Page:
More problematic for Clinton than the black vote, more likely, is disaffection among Sanders supporters, particularly young voters, who came out in droves for Obama. Her approval rating among voters age 18-29% is just 31%, according to Gallup. To win them, I think a Warren style economic story could be powerful.

Finally, there's the minor matter of the merits. Elizabeth Warren is telling the truth: for forty years, almost of the benefit of increased productivity and economic growth have gone to the wealthiest. Labor's share of corporate profits has shrunk; the percentage of Americans in the middle of the income distribution has shrunk; college, housing and healthcare costs have far outpaced the official inflation rate. It's time to take back what was taken.


  1. I think there's another problem with trying to craft policies that might appeal to Republicans. If the recent past is any guide, Republicans will never, ever vote for anything proposed by Clinton, nor will they be open to compromise. At least as of today, Mann and Ornstein's indictment still holds true:

    “The Republican Party has become an insurgent outlier — ideologically extreme; contemptuous of the inherited social and economic regime; scornful of compromise; unpersuaded by conventional understanding of facts, evidence and science; and dismissive of the legitimacy of its political opposition.” The only thing that's changed since Mann and Ornstein debuted their diagnosis is that now the "Freedom Caucus" is an insurgency within the insurgency that makes it even harder to do anything but avoid defaulting on the national debt or shutting down the government, and even that is extremely hard.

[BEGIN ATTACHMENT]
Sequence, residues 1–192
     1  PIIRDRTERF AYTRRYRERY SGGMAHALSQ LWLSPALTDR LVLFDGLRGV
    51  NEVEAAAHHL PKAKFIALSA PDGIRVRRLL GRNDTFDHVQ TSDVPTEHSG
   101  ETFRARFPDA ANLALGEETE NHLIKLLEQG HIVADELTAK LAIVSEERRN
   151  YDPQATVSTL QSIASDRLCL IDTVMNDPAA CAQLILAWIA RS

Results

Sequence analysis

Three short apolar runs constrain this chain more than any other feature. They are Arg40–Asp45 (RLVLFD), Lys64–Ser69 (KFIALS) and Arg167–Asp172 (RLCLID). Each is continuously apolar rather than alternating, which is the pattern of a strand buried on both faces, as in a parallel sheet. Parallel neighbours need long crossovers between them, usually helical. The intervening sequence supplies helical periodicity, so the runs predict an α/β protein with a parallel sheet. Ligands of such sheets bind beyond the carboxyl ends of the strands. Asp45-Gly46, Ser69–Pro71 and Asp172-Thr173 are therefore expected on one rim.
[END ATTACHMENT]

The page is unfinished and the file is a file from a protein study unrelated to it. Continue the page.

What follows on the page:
President Clinton won't be able to change that. If Paul Ryan can't control his caucus, how could Hillary? If he announced he was setting aside "the Hastert Rule" how long would he remain Speaker? If there's ever going to be minimal comity between a Republican House and a Democratic President, it's the Republicans who have to move the farthest.

  2. I think you both make really good points. I can hardly get past the fact that with a person like Trump as the opponent there would be any way Clinton could lose. But I understand no one says that.
    I am not sure where to look to find out who would be the Republican candidate if Trump dropped out or was dumped. I heard Stuart Stevens say on MSNBC last night that the Republicans could replace him with Pence. But why would it not be Cruz? It seems different for the VP to be selected to replace/assist the president than for him to be selected to replace the candidate. That takes the voters completely out of the nominating, I think! I know very little.